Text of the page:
By default PowerPoint 2010 will embed video files. That is, it will make them part of a single PPTX file. This has a dramatic effect on the size of the PPTX file, but Microsoft opted to change the default behavior of PowerPoint with the release of the 2010 version because of the chief problem with linked video files: portability. With previous versions of PowerPoint, when people took their presentations to a venue with a different computer than the computer on which the presentation was created, they inevitably left the linked videos behind, and when it came time in the presentation to play the video, it failed to play. PowerPoint was looking for it on the old computer because that is what the link in the PPT file told it to do. This was such a consistent problem that Microsoft changed the behavior of the program, sacrificing file size for a more satisfactory user experience. However, they left the ability to link video files, rather than embed them, should the user be knowledgeable enough to do this. On the whole embedding is the best solution, but there are a couple of reasons you might wish to link your video files rather than embed them, especially if you are the kind of person who can remember to move your media files along with your PPTX file.
First, let’s go over the basics of embedding a video file that you already have on your hard drive, into a PowerPoint 2010 slide. Below you see the default, general purpose slide (using the Horizon theme) with its multiple placeholders. Most people will click the video placeholder, navigate to the video file on their hard drive, and click the Insert button. Then, when the file is saved, PowerPoint embeds it in the PPTX file.
This works, but it has the unfortunate effect of inserting the video at a size relative to the size of the placeholder’s container—the dashed or solid lines around the placeholder. It is far better to use the Insert tab to insert a video, and dispense with placeholders. Therefore, instead of using the “standard” slide, with its multiple placeholders, use a slide with Title only container, or a blank slide layout. That way the video will be inserted at its native dimensions.
Here;s how: Click the Insert tab; click the drop-down under Video; select “Video from File…”; navigate to the video on your file system and click Insert.
Once again, when the presentation is saved, PowerPoint will embed the video file.
To demonstrate the effect on file size, let’s take a look at file sizes before and after embedding video. Here is a look before and after embedding the video file malaria_human.wmv and saving the file named Malaria.pptx:
As you can see, the size of the presentation includes the size of the video file. It doesn’t matter at dimensions you render the video within the presentation, it will always be just this big. It can help if you compress media before saving (File > Info > Compress Media), especially if you choose “Low Quality,” but by doing so you will be sacrificing video quality. Whether this is worth doing is a judgement call by you based on your video quality requirements.
OK. So much for embedding. Now, how do you link a video file rather than embed it? Simple. Follow the same procedure described above to find the video you wish to Insert, but on the Windows Explorer Insert Video dialog box, select the file you want, click the drop-down on the Insert button, and choose “Link to file” rather than “Insert.”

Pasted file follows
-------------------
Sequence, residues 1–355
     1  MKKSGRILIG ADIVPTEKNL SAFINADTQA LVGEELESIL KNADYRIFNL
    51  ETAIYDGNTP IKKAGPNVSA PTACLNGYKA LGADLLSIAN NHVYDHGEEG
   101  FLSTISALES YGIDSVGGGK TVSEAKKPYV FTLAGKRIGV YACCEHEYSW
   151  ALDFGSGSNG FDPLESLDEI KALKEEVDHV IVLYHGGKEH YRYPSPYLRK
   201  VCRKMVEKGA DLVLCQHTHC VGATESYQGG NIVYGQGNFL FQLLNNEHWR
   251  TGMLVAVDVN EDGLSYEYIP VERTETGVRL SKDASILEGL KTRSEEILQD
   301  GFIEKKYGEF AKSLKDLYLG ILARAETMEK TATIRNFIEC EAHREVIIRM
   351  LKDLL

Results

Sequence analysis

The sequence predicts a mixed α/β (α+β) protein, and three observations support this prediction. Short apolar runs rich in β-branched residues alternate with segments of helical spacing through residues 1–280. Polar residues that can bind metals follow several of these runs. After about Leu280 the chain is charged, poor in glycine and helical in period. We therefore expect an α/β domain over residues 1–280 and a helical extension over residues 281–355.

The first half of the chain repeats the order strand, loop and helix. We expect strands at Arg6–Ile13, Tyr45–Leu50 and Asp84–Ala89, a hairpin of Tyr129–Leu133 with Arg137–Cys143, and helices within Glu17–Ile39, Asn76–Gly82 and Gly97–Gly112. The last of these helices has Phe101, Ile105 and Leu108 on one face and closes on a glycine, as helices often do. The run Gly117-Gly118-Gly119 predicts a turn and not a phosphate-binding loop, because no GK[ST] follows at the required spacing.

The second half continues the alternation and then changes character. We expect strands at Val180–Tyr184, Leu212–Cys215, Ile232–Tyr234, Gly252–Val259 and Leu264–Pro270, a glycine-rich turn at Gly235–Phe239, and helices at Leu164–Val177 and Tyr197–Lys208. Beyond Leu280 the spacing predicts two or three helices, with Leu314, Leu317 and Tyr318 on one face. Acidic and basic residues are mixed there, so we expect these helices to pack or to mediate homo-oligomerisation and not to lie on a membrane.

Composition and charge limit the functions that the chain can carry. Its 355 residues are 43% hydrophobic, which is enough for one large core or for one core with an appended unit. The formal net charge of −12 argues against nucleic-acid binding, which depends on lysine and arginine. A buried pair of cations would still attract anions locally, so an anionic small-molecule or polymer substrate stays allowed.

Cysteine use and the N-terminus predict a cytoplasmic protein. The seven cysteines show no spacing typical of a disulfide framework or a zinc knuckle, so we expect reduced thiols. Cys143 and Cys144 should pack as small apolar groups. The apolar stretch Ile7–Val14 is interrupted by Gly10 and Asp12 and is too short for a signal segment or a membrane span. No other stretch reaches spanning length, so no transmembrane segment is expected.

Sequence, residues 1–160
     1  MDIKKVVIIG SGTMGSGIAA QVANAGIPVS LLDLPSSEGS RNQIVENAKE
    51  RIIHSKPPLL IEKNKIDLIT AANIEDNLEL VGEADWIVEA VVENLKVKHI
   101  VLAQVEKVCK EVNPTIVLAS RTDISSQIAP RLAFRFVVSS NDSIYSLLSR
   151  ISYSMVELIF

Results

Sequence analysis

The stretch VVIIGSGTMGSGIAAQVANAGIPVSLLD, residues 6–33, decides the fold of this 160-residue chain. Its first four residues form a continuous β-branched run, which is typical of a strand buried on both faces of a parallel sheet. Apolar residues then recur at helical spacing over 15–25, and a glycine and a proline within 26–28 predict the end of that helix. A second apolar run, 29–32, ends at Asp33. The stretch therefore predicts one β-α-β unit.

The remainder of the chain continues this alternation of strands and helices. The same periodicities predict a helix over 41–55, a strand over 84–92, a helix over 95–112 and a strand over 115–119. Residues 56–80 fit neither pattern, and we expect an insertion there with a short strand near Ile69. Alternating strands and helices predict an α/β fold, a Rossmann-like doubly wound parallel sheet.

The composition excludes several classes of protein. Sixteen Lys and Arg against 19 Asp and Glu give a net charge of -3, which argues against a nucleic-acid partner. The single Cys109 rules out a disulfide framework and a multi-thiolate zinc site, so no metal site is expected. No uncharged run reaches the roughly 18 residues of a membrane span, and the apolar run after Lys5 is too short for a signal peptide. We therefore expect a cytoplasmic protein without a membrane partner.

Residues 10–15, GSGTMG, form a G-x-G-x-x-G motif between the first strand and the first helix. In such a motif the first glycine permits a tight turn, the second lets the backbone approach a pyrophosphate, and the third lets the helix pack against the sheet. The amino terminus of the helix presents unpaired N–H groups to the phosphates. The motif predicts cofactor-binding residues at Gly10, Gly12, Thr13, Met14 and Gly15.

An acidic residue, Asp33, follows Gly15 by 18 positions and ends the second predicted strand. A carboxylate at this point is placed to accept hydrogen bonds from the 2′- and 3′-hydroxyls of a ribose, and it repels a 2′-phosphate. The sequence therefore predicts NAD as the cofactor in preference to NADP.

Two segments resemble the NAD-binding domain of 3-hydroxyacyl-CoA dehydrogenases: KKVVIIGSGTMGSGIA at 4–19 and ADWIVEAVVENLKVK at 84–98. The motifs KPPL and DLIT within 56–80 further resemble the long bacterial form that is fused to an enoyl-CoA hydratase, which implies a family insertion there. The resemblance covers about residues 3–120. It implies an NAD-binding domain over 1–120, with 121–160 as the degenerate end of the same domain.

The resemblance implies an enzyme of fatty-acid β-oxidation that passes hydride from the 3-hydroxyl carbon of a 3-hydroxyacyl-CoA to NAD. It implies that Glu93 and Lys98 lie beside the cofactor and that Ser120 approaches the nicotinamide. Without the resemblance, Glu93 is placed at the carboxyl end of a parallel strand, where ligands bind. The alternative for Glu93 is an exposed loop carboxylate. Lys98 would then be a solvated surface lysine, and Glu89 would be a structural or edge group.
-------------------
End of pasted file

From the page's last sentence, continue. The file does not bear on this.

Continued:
This time when you save the file, you will see its size increase only by a few bytes. Link to as many videos as you wish, and you will hardly increase the size of the PPTX file.
So, why would you want to link rather than embed? I can think of X reasons:
1. You may be storing/transferring your files via a cloud service, and the size limitation per file will not allow huge files. Microsoft’s SkyDrive, for example, limits single file size uploads to 300MB, a file size easily exceeded once you begin embedding a number of video files, especially if they are not severely compressed.
2. You may want to edit the video independently of the PowerPoint presentation. Embedding it means that it is part of the PowerPoint PPTX file, and it cannot be edited except through the fairly primitive video editing tools built-in to PowerPoint. Linking means that you can make any sort of edits independent of PowerPoint, and as long as you do not change the link name or path, your changes will be reflected in the presentation without having to change it.
3. You may have to deliver your PowerPoint presentation on an earlier version of PowerPoint. If you link the video file, it will work. If you embed, you will have to go through a conversion to the old format in order to use it. This can have embarrassing consequences if you are asked to present but you forget to verify that the venue you will be using has the latest (2010) PowerPoint.
The main drawback to linking is that you may forget to bring your media files along with your presentation file, and when you reach the point in the presentation where they are supposed to play they won’t. This is just a matter of discipline, however. If you are going to be linking, be sure all the media files you will be using are in the same folder that contains the PowerPoint presentation file. Then, if you need to move the presentation to a flash drive, copy the entire folder to the flash drive. The relative path between the PPTX file and the media files will remain the same, and they will work every time. I strongly discourage creating separate folders for media. If you do, be sure to copy the entire folder structure to the flash drive.
If you are not the disciplined sort, then PowerPoint’s default embed behavior is for you, and you will just have to live with large file sizes and their drawbacks. If you are disciplined, however, just ever so much, then linking is a better alternative.